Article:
Vladimír Bartovic, Christian Kvorning Lassen, Martin Michelot and Vít Havelka present their thoughts on the prospect of a long Brexit extension (April 10).
Only long-term extension, with the possibility to end it earlier in case of the ratification of the withdrawal agreement in the British parliament (so-called flextension), will allow the EU to focus on the most important agenda - peaceful and proper conduct of the elections to the European Parliament and the subsequent negotiations on the creation of EU institutions and setting the political agenda for the EU for upcoming years. The EU must give time to the UK to rethink properly the form of withdrawal and of future relations with the EU, including the organization of confirmatory referendum or new elections if agreed so by the Conservative and Labour parties, without the constant risk of falling from the cliff and leaving on no-deal that would certainly harm both the UK and the EU.
Despite the disastrous economic consequences of Britain crashing out of the European Union, a long Brexit extension is becoming politically untenable to support; an extension would mean Britain participating in the upcoming EP elections, which would be a disruptive element in what portends to be the most important EP elections in recent times, as well as deepening the seemingly irreconcilable divisions within Britain. The elections would likely be used by Remainers and Brexiteers alike as an informal ‘second referendum’ on the whole Brexit process, which in turn would only further complicate Britain’s Brexit negotiations during a longer extension period.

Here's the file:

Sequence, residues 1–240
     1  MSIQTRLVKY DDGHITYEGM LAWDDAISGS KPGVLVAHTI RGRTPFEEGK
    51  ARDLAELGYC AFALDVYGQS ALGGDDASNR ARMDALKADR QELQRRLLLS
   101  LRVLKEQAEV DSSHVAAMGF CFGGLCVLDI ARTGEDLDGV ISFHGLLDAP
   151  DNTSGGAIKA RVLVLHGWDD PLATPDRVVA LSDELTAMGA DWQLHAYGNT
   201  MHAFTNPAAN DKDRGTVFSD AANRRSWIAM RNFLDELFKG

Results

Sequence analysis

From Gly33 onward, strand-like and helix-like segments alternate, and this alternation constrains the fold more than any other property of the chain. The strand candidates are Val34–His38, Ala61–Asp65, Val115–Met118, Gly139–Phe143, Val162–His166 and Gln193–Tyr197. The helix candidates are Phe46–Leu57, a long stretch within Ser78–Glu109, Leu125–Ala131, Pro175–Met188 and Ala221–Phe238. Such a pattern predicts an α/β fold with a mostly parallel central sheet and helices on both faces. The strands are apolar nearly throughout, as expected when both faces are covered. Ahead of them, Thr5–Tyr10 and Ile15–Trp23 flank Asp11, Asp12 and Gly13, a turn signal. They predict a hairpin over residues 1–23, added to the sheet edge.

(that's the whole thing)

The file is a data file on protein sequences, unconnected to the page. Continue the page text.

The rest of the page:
Granting a long extension to the UK seems at this point fairly illusory, in the absence of an actual structured plan for Theresa May to have the House of Commons upvote the political declaration and withdrawal agreement. Her trips to meet Angela Merkel and Emmanuel Macron amounts to too little too late and seem to show that she treats European leaders as a nuisance rather than the asset they could have been to her earlier on the in the process. It is unimaginable for the progressive forces in Europe to run a campaign while having to answer to constituents why the UK will still organize EU elections despite having voted to leave almost three years ago. The best solution for the EU would be to put pressure on May to find a deal before the European elections; Europe needs to be able to move on, and act on the proposals for refoundation that have come from various sides of the continent. The discussion should be about the future and not about how to get through next week. No one wants a no-deal or has an interest in it, but from a long-term perspective, it can no longer afford to be held responsible by British inability to act. “I want my future back”, to paraphrase Margaret Thatcher.
The European Union should allow the United Kingdom more time to decide how to proceed with Brexit and get a second breath after years of exhausting negotiations.
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